It Pays To Wait
IF YOU WERE PAYING ATTENTION to a Flexible Voice written and published in July of 1998 I promised to keep you informed on the progress of my possible award of a highly meaningful decoration for my service in the army during World War II.
At the time the army mentioned that it might take them a year or so to make up their minds on this, and it might be a good idea to stay healthy in order to still be around at the time when they would decide.
Well last week I finally heard from them.
Of course they have been pretty busy with all of Clinton’s little wars, and that’s a good excuse for them having to think about this a long time. – And eighteen months isn’t such a big deal for something this important.
The news they sent was pretty darn good, though.
They didn’t think that my aiding the colonel from the same fox-hole in directing artillery fire of three battalions of field artillery with muzzles depressed against German tanks significant enough to warrant a Silver Star, but they were happy to send me a Bronze Star with a “v” for valor-under-fire device attached.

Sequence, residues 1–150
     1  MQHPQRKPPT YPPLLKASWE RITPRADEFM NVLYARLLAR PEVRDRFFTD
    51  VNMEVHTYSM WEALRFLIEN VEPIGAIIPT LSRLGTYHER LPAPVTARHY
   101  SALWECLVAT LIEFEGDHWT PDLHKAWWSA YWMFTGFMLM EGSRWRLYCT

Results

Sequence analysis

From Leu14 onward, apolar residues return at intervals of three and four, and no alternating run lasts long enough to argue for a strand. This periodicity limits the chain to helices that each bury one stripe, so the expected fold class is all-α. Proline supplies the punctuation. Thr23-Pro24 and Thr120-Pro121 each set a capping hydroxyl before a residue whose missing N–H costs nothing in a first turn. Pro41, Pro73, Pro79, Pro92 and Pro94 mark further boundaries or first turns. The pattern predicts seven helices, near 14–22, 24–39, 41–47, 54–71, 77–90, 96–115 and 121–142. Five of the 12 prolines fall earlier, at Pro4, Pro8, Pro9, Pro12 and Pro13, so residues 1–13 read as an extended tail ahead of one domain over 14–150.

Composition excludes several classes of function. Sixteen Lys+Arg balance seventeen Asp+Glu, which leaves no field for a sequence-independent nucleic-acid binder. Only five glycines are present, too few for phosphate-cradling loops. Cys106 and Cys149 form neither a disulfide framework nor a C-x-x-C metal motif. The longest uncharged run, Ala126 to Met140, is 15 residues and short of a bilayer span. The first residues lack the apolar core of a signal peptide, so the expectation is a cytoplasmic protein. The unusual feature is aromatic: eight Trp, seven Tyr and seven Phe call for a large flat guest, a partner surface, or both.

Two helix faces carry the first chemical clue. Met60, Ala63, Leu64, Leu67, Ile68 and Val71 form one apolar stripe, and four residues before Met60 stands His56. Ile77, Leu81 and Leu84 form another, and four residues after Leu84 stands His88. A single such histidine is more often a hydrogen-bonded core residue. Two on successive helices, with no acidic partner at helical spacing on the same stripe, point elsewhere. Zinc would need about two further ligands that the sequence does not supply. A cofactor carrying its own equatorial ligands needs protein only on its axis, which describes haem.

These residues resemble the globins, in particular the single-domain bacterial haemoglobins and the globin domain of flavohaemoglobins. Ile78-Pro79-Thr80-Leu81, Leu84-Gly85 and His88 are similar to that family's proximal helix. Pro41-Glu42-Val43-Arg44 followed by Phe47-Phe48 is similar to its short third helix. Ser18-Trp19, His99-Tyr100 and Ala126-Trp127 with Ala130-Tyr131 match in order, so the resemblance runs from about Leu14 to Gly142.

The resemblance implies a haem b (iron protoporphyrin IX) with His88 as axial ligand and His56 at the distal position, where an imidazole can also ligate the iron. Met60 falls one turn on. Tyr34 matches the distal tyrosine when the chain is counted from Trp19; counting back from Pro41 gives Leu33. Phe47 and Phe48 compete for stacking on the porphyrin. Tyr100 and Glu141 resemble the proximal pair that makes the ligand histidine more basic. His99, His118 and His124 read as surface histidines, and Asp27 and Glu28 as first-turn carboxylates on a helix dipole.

I really do not wish to appear ungrateful, and to be perfectly honest it is the most thrilling thing to happen in my life since I married Harriette fifty-six years ago this month. The fact that an enlisted man, in the person of Richard Knopf, retired professor of history at Kent State University and Ohio State had this on his mind for over fifty years, and decided to do something about it certainly proves the old adage to be true “that right and truth will prevail, if you have time and patience to wait a long time.”
I have been advised that there will be a full-scale presentation ceremony conducted by U. S. Senator, The Honorable James Inhofe. It will be in December during Congress recess.
It has all been worth the wait.
It is with great sorrow that we note the passing of our friend Bill Haywood.
He had graced our home as an attendee at the Oklahoma City NAPA convention in 1991, and we had re-paid his visit by going to his convention in Canton a few years later.
His talent, tireless energy and dedication to our craft and hobby will be missed.
R. L. O. & H. G. O.
by Harriette Orbach
No matter the weather
We love the time
No matter how short
No matter how long
It becomes our song
For we know we belong
Handset in Bulmer and published monthly by Robert Orbach, Oklahoma City, Ok., 73116.